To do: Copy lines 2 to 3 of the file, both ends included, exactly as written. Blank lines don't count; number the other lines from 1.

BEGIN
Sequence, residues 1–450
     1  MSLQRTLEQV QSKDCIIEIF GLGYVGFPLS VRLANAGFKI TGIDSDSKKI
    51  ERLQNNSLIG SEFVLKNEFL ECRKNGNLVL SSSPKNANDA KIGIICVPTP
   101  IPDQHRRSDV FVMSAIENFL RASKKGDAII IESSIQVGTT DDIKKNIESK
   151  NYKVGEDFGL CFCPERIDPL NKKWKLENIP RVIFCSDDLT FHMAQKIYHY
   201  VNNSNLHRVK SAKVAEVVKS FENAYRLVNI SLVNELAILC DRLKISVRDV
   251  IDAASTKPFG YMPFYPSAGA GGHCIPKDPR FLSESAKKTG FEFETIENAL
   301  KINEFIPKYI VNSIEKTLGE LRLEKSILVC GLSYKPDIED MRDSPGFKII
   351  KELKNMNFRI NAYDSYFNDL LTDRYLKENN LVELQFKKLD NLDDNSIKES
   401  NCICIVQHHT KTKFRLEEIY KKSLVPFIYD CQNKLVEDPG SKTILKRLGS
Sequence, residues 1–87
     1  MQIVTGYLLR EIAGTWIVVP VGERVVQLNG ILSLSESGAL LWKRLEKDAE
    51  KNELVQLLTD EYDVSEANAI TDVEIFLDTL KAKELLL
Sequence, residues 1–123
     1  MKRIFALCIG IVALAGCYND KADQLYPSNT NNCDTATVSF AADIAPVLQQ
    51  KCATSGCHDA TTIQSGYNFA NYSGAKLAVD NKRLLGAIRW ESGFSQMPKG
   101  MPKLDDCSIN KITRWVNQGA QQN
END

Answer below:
     1  MSLQRTLEQV QSKDCIIEIF GLGYVGFPLS VRLANAGFKI TGIDSDSKKI
    51  ERLQNNSLIG SEFVLKNEFL ECRKNGNLVL SSSPKNANDA KIGIICVPTP